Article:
New president announces “Stand Up and Deliver” theme for the year
KNOXVILLE, June 17, 2005 — Memphis lawyer Bill Haltom promises to stand up and deliver as he takes over the leadership of the 9,000-member Tennessee Bar Association (TBA) today. Haltom, a partner in the Memphis law firm of Thomason Hendrix Harvey Johnson & Mitchell PLLC was sworn in during the TBA’s 124th Annual Convention in Knoxville. Chief Justice Frank F. Drowota III administered the oath. Haltom takes the reins from Charles W. Swanson, a partner with the Knoxville firm of Sheppeard, Swanson & Mynatt PLC.
Haltom says his objectives for the coming year include a statewide-grassroots public education campaign to remind citizens that what makes America great is the rule of law. “During the coming year, I’ll be calling on lawyers around the state to help me ‘stand up and deliver’ for the American legal system,” Haltom said. “This campaign will remind fellow Tennesseans that when people attack the American legal system they are attacking the foundation of democracy. It will emphasize that when critics attack the jury system they aren’t attacking just lawyers and judges, but also attacking we the people, because they are saying we can’t be trusted to fairly and equitably resolve disputes in our communities.”
“That’s the ‘stand up’ part. We are going to do more than just talk though. We also are going to ‘deliver’ by giving back to our communities through an organized statewide public service effort.”
Haltom’s practice focuses on medical and legal malpractice defense, personal injury litigation, business litigation, health care law and media law. He is a graduate of the University of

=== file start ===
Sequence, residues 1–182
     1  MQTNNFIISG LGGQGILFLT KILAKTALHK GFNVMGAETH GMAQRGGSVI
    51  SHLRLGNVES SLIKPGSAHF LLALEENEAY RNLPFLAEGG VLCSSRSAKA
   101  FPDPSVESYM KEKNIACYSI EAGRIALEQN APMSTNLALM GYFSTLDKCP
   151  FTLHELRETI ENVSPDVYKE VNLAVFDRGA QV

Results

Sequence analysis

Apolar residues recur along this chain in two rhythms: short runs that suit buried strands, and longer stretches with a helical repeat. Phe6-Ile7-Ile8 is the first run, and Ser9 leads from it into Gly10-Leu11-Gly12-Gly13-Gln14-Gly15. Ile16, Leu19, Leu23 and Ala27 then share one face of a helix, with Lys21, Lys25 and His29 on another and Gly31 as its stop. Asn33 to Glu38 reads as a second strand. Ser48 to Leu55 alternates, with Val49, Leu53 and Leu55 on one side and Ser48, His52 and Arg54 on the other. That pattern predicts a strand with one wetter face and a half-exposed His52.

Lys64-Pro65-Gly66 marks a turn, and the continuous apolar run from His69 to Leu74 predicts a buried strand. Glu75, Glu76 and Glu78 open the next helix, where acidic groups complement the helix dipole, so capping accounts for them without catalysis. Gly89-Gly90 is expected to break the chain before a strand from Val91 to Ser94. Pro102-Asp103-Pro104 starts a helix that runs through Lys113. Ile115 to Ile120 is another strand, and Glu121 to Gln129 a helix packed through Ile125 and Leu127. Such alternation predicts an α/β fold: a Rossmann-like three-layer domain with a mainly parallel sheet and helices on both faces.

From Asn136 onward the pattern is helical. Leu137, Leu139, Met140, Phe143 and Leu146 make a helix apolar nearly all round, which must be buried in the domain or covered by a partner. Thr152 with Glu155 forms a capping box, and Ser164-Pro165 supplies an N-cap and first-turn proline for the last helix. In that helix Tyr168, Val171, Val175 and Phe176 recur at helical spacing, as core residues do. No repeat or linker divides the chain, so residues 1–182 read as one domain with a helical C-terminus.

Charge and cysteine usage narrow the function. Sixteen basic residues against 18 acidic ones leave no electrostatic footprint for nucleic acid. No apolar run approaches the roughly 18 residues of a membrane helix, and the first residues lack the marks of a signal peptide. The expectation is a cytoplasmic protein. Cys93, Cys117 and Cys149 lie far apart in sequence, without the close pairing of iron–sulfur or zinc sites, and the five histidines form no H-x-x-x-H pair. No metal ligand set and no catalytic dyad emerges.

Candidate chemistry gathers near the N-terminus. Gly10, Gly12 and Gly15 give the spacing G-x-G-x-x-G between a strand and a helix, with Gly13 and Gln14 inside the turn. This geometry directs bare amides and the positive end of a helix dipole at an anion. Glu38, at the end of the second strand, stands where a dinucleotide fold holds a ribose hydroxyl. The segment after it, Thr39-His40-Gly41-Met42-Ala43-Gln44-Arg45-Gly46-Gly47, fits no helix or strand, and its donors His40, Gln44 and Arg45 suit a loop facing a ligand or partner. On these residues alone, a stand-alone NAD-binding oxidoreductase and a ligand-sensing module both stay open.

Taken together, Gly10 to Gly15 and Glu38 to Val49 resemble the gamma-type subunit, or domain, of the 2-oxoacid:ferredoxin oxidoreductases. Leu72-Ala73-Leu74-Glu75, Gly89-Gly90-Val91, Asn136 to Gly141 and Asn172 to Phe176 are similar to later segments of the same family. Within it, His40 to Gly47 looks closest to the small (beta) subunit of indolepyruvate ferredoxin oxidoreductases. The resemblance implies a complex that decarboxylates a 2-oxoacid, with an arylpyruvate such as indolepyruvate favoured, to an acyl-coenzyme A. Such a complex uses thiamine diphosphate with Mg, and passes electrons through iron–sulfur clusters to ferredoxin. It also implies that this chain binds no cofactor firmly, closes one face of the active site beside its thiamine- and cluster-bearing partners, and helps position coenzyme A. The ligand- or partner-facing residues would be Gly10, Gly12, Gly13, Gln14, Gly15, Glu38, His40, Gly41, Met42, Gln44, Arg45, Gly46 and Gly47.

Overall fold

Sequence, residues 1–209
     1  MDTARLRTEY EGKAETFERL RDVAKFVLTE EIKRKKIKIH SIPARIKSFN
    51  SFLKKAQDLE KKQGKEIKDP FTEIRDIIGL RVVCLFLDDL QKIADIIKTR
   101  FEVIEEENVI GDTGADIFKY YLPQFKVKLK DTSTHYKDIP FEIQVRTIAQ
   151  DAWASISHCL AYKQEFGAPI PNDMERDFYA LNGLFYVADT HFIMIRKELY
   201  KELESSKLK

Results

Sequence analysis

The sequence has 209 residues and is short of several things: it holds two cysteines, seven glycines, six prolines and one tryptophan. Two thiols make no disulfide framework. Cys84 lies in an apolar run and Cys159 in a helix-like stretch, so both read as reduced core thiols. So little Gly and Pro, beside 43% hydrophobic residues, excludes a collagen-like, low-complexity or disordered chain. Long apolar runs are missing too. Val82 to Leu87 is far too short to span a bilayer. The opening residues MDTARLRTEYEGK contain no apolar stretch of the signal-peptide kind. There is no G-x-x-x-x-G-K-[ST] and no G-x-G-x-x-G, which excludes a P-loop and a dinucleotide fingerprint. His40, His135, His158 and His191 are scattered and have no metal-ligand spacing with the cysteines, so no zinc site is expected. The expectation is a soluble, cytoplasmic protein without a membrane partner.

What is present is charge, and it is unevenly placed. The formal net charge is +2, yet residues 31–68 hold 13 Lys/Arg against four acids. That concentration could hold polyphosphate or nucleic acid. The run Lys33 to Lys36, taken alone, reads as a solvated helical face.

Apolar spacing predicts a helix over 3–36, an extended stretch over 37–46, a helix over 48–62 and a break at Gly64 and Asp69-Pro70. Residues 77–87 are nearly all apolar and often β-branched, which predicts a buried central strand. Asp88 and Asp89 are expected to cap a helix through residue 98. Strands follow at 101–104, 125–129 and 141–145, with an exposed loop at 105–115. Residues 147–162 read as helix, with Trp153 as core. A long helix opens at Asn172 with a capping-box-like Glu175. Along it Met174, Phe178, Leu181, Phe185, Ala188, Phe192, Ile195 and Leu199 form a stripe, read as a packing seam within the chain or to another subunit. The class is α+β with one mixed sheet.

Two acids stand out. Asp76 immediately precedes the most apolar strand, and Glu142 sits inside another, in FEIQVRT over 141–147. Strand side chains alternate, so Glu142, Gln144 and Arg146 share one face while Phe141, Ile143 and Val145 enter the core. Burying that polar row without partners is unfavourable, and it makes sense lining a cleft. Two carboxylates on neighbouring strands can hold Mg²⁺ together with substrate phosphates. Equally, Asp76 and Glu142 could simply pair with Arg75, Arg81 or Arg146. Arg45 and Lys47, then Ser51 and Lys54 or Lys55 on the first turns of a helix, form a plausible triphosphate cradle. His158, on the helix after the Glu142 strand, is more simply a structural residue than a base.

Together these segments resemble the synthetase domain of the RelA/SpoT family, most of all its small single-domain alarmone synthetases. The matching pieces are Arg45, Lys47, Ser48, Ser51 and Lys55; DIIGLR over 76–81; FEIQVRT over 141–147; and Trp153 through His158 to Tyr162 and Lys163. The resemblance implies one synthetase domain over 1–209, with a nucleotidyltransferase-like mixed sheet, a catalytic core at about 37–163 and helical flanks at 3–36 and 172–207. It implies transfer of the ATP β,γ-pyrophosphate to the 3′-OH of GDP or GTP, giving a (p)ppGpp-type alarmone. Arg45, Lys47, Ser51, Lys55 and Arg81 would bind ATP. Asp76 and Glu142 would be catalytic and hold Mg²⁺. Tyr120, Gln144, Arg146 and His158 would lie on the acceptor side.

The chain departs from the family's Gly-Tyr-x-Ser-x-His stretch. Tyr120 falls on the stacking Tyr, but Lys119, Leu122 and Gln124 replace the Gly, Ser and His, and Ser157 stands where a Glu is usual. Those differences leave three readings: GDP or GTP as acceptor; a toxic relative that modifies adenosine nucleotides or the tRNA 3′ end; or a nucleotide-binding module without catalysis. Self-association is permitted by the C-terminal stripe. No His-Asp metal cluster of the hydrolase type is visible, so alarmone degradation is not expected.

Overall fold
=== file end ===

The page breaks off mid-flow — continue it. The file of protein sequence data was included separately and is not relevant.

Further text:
Tennessee and received his law degree from the UT College of Law in 1978. He is admitted to practice before all Tennessee courts and the U.S. Supreme Court.
Haltom is a member of the American Bar Association (ABA) and a fellow of the American Bar Foundation. He previously served as chair of the Board of Editors of the ABA Journal, the world’s largest circulation legal magazine. He also is a member of the Memphis Bar Foundation and the Memphis Bar Association, where he served as president in 2000. And he is a fellow of the Tennessee Bar Foundation.
Haltom has been a member of the Tennessee Bar Association since 1978 and has served as president of the Young Lawyers Division, chair of the Board of Editors of the Tennessee Bar Journal, chair of the Litigation Section and fellow of the Young Lawyers Division.
In addition to his lawyering skills, Haltom has made a name for himself in the publishing world. His most recent book No Controlling Legal Authority is being released this week as well. It features a collection of humorous essays on the insignificant legal issues of our times. Proceeds from its sale will be donated to the Tennessee Legal Community Foundation, a non-profit organization dedicated to the ideals of professionalism in the practice of law and providing education about and access to the legal system. As Haltom’s third book, it joins Daddies: An Endangered Species (1996) and In Search of Hamilton Burger: The Trials and Tribulations of a Southern Lawyer (2000). Haltom also puts his wit to use as a humor columnist for the Memphis Commercial Appeal, the Tennessee Bar Journal and numerous other publications.
Taking office along with Haltom are the association’s president-elect, Larry Wilks of Springfield, and vice president, Marcia Eason of Chattanooga. Wilks is a practitioner in The Law Offices of Larry D. Wilks with locations in Springfield and Nashville. Eason is a member with the Chattanooga office of Miller & Martin PLLC.